In their desperate determination to block confirmation of the President’s new Supreme Court nominee, Democrats warn about the imminent threat to Roe v. Wade.
Judge Brett Kavanaugh’s critics suggest that if Roe goes, then abortion would be instantly criminalized and women and doctors would be prosecuted. Yet even if Roe were overturned — which is unlikely — it would bring no instant change in abortion law. It would merely allow state legislatures more leeway in adjusting abortion regulations in the future.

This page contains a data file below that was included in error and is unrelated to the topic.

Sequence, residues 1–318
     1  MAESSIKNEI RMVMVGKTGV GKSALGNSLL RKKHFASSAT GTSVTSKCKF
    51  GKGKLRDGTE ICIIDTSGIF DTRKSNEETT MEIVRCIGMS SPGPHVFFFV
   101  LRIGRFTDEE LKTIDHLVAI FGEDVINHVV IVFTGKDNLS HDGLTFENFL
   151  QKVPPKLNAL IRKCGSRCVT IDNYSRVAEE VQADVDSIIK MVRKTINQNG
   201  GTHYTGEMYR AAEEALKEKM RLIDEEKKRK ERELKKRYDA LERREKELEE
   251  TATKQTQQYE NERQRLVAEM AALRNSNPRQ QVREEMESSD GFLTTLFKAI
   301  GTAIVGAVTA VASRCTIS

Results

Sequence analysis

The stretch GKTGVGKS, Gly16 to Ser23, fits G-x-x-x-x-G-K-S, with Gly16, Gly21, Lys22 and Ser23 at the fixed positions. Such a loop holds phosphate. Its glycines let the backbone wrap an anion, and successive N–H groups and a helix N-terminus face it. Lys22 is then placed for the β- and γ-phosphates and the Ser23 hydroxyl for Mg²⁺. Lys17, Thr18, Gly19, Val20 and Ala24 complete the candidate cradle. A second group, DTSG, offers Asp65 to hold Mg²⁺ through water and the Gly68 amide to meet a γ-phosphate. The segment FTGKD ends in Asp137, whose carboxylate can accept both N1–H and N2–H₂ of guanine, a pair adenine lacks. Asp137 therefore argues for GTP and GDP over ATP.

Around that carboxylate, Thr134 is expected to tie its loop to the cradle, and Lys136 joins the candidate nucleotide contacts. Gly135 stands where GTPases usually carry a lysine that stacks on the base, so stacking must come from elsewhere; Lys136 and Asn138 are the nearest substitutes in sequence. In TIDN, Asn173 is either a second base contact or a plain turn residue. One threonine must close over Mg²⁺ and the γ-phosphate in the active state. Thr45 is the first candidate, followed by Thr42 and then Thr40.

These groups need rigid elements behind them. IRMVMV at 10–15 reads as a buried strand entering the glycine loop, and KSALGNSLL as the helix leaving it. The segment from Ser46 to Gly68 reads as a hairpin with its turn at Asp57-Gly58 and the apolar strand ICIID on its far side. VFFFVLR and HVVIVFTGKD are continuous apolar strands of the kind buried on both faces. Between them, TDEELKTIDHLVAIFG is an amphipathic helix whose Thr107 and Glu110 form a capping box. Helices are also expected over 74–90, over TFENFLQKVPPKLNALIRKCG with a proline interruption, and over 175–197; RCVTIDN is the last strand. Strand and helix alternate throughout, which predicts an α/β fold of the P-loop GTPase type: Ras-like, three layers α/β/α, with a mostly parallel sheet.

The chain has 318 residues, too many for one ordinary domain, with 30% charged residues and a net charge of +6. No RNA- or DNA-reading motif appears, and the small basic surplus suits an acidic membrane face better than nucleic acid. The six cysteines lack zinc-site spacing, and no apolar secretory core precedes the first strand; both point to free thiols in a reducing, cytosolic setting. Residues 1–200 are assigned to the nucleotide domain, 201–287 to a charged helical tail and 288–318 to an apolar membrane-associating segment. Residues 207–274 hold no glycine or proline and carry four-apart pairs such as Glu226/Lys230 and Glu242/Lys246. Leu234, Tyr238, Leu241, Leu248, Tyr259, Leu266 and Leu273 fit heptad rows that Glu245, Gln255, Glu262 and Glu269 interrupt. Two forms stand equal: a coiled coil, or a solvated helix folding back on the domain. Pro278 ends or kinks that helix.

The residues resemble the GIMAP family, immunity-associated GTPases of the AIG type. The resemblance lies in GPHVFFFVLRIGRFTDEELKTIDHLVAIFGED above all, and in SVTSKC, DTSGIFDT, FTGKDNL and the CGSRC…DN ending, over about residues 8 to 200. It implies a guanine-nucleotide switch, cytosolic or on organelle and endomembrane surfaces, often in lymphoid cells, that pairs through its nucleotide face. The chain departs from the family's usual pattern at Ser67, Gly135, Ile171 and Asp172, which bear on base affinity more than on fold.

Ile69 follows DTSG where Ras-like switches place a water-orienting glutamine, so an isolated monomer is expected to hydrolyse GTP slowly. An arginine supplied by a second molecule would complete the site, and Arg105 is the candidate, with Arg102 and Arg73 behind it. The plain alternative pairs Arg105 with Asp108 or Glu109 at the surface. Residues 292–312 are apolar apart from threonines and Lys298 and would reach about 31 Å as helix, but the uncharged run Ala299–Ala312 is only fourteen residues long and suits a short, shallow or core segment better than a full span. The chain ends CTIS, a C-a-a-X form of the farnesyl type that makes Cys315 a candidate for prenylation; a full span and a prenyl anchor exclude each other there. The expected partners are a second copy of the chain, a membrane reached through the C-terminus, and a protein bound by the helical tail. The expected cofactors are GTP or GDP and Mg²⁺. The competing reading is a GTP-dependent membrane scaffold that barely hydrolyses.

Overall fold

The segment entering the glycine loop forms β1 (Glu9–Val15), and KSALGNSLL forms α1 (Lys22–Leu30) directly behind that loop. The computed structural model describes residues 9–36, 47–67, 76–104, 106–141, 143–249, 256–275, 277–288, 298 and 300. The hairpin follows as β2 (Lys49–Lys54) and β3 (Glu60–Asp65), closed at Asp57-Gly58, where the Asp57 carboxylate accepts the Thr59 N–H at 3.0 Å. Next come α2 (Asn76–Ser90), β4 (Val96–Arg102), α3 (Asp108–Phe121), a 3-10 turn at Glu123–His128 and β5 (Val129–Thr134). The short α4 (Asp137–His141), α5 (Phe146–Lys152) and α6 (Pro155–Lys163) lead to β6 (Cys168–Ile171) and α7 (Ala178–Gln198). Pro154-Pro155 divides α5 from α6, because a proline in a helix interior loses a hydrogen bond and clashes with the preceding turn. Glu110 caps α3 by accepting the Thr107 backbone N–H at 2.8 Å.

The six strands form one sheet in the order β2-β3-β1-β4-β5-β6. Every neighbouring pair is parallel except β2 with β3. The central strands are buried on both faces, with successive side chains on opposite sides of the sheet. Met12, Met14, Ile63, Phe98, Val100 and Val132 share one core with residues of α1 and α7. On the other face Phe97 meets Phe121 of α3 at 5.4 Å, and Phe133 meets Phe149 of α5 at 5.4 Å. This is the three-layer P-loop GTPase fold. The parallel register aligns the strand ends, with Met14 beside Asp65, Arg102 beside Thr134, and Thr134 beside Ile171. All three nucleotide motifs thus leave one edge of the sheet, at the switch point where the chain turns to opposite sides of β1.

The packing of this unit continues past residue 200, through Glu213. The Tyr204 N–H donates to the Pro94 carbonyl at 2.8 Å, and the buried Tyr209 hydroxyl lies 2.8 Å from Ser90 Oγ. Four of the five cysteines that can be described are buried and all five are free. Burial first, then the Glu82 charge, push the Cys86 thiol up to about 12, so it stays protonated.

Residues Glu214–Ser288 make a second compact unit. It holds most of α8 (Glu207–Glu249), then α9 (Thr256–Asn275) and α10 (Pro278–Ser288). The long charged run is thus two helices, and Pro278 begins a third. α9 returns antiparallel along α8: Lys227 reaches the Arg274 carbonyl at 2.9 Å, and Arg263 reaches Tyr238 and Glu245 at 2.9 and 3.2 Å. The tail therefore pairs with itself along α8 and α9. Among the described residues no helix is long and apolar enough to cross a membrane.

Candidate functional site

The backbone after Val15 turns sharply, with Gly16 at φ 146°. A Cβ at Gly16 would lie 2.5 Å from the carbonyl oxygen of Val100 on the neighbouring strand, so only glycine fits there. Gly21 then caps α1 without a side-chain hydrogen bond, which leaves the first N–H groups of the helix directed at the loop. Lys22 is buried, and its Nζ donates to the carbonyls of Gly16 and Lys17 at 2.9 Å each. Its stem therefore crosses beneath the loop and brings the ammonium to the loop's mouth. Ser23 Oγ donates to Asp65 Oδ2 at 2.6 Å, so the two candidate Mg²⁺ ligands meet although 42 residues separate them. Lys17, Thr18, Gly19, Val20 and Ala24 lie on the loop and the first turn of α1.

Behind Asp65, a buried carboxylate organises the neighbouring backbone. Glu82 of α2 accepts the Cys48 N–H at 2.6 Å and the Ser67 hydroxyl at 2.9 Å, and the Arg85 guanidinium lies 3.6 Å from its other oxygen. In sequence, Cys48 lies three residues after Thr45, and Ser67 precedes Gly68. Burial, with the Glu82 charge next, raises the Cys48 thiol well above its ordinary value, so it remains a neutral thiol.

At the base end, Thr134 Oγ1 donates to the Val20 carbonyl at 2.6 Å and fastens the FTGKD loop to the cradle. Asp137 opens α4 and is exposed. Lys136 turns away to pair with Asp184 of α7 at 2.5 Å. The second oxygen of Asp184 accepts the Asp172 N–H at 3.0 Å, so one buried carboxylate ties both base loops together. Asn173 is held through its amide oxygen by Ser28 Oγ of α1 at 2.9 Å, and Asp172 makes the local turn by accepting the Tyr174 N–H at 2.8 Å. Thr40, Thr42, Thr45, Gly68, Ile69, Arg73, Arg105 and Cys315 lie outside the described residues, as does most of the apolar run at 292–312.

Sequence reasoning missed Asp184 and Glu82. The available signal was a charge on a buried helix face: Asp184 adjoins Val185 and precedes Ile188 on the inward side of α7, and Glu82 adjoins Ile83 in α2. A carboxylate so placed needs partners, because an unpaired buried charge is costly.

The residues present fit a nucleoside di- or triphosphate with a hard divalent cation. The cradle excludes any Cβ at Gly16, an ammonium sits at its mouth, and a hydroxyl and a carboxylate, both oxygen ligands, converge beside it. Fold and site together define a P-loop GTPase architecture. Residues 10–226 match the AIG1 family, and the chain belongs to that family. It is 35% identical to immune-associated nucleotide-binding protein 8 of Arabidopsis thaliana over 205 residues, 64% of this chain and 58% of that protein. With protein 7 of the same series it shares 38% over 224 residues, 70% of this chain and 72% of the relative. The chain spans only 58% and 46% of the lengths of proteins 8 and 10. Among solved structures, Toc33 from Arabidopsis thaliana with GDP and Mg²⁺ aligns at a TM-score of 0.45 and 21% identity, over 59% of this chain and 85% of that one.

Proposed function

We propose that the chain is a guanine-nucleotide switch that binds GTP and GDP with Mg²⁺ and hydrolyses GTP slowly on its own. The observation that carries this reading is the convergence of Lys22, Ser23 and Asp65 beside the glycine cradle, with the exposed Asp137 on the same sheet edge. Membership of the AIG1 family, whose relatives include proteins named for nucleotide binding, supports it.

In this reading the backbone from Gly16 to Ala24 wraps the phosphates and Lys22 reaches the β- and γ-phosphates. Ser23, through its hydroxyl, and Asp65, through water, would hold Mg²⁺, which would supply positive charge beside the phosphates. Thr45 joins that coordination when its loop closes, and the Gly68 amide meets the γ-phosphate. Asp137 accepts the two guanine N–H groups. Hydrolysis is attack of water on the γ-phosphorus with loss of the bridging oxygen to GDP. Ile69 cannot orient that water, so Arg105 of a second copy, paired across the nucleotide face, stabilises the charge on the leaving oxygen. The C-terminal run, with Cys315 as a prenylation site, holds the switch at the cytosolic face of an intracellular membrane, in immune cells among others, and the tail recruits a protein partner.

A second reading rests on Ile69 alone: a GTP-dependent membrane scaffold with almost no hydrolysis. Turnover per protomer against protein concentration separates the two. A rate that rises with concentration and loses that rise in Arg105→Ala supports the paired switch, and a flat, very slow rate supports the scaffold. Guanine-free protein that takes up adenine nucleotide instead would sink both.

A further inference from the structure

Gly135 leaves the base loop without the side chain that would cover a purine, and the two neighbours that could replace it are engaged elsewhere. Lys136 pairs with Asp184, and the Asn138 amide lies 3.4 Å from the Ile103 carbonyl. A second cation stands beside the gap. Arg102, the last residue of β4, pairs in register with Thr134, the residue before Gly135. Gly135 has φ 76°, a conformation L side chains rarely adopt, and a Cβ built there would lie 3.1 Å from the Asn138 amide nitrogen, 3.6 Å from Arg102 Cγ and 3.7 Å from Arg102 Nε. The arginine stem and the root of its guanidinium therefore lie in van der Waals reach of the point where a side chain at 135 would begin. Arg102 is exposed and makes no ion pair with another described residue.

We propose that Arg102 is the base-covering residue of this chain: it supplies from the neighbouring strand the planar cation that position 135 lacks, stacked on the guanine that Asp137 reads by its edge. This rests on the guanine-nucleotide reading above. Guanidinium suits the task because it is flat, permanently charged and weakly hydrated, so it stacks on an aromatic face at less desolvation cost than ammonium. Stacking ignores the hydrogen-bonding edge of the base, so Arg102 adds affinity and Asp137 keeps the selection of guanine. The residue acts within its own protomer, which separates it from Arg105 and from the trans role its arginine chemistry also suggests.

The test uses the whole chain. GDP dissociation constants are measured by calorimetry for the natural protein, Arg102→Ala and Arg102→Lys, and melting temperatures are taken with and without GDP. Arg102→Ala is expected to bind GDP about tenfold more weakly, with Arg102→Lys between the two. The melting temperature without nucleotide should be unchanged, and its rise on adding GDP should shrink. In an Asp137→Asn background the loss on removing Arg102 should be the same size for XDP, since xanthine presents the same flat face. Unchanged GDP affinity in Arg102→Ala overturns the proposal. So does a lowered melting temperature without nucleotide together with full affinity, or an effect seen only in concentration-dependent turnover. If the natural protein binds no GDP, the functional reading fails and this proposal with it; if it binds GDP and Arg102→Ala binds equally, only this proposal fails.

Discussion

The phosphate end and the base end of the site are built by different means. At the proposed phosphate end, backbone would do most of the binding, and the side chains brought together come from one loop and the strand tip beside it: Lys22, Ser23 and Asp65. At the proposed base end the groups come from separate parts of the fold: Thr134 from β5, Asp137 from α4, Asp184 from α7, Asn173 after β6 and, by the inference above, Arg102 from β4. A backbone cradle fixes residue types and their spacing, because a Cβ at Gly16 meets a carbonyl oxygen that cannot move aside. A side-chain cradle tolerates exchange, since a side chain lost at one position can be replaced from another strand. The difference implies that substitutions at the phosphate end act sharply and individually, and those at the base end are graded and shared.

Even before the Roe decision in 1973, 23 states had already passed some form of legalized abortion. In our Republic, we entrust the most important decisions to the people and to their elected representatives—meaning legislatures and executives write the laws, not an unelected judiciary.